What Is Freekeh And How Is It Used?

Like history, food traditions go through cycles, with dishes of yore often finding their way back into modern diets. One category of food with ties to the past is ancient grains. While barley, quinoa, amaranth, farro, and others have increasingly found their way into the bulk food aisles of major supermarkets, freekeh is still in its early days of modernity. Although Oprah put it on the radar in 2011, naming it as one of four ancient superfoods to boost your health, it hasn't quite made the headlines like quinoa. 

Freekeh's history dates back to 2,300 BC when, according to Two Healthy Kitchens, it was discovered through an enemy attack that set fire to a wheat field. The locals realized that the young grain in the center of the plant was too moist to burn and had roasted. By rubbing the external casing, they could release this edible grain. This discovery led to freekeh's name, which came from "farak," an Arabic word meaning "to rub" (via The Spruce Eats). Since then, the grain has been widely consumed throughout the Middle East and North Africa, as well as in Australia, where Two Healthy Kitchens notes modern processing of the grain originated.

Put simply, freekeh is roasted or smoked young green durum wheat with the outer shell removed. As it's made from wheat, it is not appropriate for gluten-free diets, but has plenty of benefits for anyone who can safely consume gluten.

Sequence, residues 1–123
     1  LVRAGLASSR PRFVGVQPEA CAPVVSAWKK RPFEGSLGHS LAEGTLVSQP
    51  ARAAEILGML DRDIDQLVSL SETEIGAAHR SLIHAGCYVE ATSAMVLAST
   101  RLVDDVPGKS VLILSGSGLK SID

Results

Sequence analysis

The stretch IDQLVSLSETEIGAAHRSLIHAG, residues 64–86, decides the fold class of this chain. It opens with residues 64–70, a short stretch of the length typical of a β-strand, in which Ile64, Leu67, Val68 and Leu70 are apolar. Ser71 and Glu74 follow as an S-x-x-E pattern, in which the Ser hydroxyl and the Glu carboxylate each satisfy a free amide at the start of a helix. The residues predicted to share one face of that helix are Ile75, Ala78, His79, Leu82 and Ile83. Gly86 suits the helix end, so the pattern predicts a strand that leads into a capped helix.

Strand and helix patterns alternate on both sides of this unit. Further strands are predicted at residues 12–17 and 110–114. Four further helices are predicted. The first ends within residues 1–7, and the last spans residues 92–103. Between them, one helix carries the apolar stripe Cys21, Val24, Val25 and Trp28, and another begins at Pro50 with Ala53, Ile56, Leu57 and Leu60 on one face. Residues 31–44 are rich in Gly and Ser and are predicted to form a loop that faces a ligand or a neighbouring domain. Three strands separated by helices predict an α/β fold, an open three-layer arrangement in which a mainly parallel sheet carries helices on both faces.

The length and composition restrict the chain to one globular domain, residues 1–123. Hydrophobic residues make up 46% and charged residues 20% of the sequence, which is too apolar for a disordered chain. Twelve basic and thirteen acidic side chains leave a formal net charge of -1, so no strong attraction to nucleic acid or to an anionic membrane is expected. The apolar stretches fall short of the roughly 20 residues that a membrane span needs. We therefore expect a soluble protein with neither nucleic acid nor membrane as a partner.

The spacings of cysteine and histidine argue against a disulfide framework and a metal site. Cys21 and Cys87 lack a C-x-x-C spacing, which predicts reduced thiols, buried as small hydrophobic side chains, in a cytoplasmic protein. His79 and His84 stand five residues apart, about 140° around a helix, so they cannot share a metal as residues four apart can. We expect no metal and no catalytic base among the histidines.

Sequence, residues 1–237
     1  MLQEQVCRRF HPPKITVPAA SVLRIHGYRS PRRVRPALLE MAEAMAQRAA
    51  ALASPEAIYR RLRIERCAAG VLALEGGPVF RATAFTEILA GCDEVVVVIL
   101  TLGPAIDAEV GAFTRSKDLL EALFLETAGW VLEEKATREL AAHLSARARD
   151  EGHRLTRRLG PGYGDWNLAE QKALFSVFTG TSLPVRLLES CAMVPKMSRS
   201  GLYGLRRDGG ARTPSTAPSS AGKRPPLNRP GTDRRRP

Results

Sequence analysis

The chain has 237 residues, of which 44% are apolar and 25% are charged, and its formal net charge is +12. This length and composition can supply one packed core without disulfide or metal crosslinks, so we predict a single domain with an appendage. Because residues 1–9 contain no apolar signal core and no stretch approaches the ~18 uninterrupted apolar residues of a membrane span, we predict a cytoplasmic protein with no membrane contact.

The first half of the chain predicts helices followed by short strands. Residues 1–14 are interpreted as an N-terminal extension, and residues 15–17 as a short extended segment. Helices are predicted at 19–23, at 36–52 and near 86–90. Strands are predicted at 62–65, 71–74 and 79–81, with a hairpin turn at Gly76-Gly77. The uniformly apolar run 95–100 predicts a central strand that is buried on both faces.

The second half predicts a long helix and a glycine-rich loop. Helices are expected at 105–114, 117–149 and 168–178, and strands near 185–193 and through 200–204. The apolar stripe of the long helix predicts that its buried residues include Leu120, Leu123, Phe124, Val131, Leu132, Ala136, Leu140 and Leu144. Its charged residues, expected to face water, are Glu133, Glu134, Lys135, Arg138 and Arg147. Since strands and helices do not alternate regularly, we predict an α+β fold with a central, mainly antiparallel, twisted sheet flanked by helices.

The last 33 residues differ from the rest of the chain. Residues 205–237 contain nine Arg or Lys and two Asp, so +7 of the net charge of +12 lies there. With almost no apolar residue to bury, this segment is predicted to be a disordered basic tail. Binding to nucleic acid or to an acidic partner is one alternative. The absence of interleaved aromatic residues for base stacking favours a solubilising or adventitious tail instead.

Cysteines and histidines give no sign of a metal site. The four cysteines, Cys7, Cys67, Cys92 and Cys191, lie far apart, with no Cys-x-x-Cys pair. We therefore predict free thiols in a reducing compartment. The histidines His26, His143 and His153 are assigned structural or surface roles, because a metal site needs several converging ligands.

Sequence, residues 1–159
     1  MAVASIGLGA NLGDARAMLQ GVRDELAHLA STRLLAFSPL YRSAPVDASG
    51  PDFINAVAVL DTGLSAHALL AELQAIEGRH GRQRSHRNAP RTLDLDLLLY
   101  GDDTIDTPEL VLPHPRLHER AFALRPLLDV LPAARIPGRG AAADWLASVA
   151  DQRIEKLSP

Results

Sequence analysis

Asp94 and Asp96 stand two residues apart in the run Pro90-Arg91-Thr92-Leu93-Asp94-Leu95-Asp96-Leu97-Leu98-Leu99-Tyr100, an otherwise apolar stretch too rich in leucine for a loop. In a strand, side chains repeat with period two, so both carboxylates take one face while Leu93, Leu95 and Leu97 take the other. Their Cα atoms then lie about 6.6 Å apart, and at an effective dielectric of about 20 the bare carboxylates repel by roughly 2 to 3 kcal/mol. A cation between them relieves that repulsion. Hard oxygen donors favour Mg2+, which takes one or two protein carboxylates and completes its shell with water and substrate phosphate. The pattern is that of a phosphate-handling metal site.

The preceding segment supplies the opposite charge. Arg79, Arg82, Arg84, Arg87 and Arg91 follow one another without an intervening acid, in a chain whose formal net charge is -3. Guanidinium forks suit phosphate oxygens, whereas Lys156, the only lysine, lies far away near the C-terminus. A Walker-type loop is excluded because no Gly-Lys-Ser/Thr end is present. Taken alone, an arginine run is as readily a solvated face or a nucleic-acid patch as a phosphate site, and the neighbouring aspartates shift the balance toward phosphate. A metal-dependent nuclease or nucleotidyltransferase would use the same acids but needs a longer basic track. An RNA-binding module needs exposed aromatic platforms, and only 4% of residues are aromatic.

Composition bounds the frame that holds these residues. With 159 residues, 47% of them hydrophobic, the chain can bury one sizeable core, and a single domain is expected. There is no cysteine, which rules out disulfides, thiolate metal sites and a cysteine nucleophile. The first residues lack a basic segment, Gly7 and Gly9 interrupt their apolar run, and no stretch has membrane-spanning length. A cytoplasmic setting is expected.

Is freekeh good for you?

The Spruce Eats indicates that freekeh contains more minerals and vitamins than mature durum wheat, specifically high levels of manganese, B vitamins, zinc, and iron. A quarter cup of uncooked freekeh packs in six grams of protein and four grams of fiber, all for 130 calories and almost no fat, The Spruce Eats notes. This makes freekeh is an excellent source of plant-based protein and ideal for vegetarian or vegan diets.

As a whole grain, BBC Good Food notes that freekeh is suitable for low glycemic index diets, as it doesn't cause large spikes in blood sugar. Two Healthy Kitchens explains it is rich in resistant starch which contributes to fullness, making freekeh a good option for weight management. To add to all the goodness, the outlet also mentions research regarding freekeh's prebiotic qualities, promoting healthy bacteria in the gut. On top of all that, The Spruce Eats remarks the grain also contains antioxidants that help with aging.

Freekeh isn't just nutritious, it also has delicious nutty, smoky flavors. It is sold whole or cracked into smaller pieces, which cook more quickly. It's easy to prepare the young grain: The Spruce Eats suggests using a 2.5:1 ratio of water to freekeh, bringing it to a boil, and simmering until tender, between 20 and 45 minutes depending on whether or not it's cracked. Use it anywhere you would have grains, including soups, stews, salads, pilafs, porridges, and stuffing. Are you ready to get freekeh?